Tired of Being Blamed, It’s not the Network, It’s the Operating System

Many people blame networking for not being able to support dynamic server movement in virtualised environment while conveniently forgetting that server operating systems haven’t changed their networking software in twenty plus years. I think that a lot of the blame should be apportioned to operating system vendors.

Many times over the last decade, the IETF has discussed the shortcoming of the IP protocol and solutions proposed. But operating systems vendors, especially server operating systems, have refused to consider change.

Networking people have known since mid-1990′s that TCP/IP does not support mobility and have developed many alternative protocols such Mobile IP that solve this problem. Microsoft and other vendors have failed to implement these protocols, or to take such option seriously.

The ultimate technical problem is that IP and Ethernet was intentionally designed, 35 years ago, to be static and immoveable. Addressing mechanisms such as ARP and DNS assumed that device movement was the exception and thus an RPO/RTO of four hours was just fine. To solve the root of the problem requires changing DNS, DHCP, TCP/IP and every protocol stack of every server and every device.

Of course, this won’t happen. Instead, we have to change every networking device  - firewalls, routers, switches and completely overhaul the software that is used.

So while server administration is basically unchanged at the hardware and software level, every one expects networking gets a full overhaul without changing anything. You can see the problem.

The EtherealMind View

Keep this is mind while you are complaining that the network doesn’t do what you want ? It’s because your operating system has never implemented the features that you needed.

Blame them. And be nice to your networking guy as he works to overcome your shortcomings.

About Greg Ferro

Greg Ferro is a Network Engineer/Architect, mostly focussed on Data Centre, Security Infrastructure, and recently Virtualization. He has over 20 years in IT, in wide range of employers working as a freelance consultant including Finance, Service Providers and Online Companies. He is CCIE#6920 and has a few ideas about the world, but not enough to really count.

He is a host on the Packet Pushers Podcast, blogger at EtherealMind.com and on Twitter @etherealmind and Google Plus

You can contact Greg via the site contact page.

  • http://twitter.com/cloudtoad Derick Winkworth

    Yes. Yes, and yes. You should supplement with some technical material. I’ll even give you some.

    • http://etherealmind.com Greg Ferro

      Send it over and I’ll post a followup.

  • http://thenetworksherpa.com/ john harrington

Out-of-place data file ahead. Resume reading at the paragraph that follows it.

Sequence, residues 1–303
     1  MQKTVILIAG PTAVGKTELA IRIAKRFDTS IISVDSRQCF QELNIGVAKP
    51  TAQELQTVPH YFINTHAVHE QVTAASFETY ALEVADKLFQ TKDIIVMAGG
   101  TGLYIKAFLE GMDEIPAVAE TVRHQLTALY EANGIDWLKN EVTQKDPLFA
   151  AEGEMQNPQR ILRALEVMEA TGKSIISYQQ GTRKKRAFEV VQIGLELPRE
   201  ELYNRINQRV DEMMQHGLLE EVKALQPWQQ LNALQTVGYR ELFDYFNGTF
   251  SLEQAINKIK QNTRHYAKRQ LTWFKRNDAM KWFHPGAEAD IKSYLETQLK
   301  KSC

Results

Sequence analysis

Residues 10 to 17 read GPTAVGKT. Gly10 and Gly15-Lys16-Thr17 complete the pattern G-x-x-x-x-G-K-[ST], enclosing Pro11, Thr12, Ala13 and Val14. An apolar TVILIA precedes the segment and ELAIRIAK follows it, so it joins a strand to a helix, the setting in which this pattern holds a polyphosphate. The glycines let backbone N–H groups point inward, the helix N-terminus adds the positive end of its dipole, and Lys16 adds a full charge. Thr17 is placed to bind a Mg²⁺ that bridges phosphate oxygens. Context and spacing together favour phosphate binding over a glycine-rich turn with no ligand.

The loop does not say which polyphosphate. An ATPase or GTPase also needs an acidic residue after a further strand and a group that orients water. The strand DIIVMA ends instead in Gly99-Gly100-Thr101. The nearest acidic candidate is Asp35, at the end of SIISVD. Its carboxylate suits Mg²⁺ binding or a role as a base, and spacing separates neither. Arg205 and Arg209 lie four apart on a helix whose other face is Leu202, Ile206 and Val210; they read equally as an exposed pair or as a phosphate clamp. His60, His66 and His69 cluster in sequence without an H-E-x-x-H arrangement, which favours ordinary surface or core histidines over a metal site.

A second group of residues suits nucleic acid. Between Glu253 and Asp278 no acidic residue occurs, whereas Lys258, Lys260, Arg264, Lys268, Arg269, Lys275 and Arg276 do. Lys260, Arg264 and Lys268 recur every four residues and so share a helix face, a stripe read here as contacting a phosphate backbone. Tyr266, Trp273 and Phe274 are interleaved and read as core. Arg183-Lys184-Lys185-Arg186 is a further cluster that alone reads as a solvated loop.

Oh man, this is so totally true. It’s strange that the network is the most fundamental and critical layer but is often seen as the path of least resistance for change.

    Enter fabricpath and TRILL. Expensive complexity bought by network teams to mask server intransigence. I’m just delighted that hypervisor-based overlay solution is gaining ground. At least the complexity is moving back toward the edges of the network.

    • Jeff McAdams

      I would take it even further and point out that TCP/IP is actually quite *good* at IP mobility from a pure IP standpoint. Its only when you get into that messy interface with ethernet do things get tricky. But IP as a pure play solved IP mobility through dynamic routing protocols like OSPF and BGP decades ago.

      There is similarity to the argument put forth in the post, though…its server OS networking stack stagnation and server admins’ intransigence that prevents the use of these well debugged protocols to enable system mobility that most enterprise admins can’t even dream of.

      “Anything you can do at layer 2, I can do at layer 3…better.”

    • http://twitter.com/tbourke tbourke

      I agree with the overall sentiment of the article, but I disagree TRILL/FabircPath adds complexity. Compared to STP, it dramatically reduces complexity while bringing Ethernet forwarding into the 21st century. FabricPath and VCS (Brocade’s TRILL-based implementation) configurations are stupid simple compared to STP.

      • http://thenetworksherpa.com/ john harrington

        Fair point. The TRILL teams did a great job hiding all that complexity from the users, but it’s still new silicon. I’m not sure a smarter core is a good idea, but that’s just my take on things.

  • http://twitter.com/DmitriKalintsev Dmitri Kalintsev

    There’s always a selection of open source OSes, where anything you can imagine can be implemented, if one so desires.

    Not too sure if assigning blame to the “OS Vendor” would work in this case.

    • http://etherealmind.com Greg Ferro

      But none of the Linux vendors adopted them. And none of the “system administrators” have ever bothered to adapt their platforms.

      Linux is equally to blame, even if solutions have been offered there.

  • Alexandra Stanovska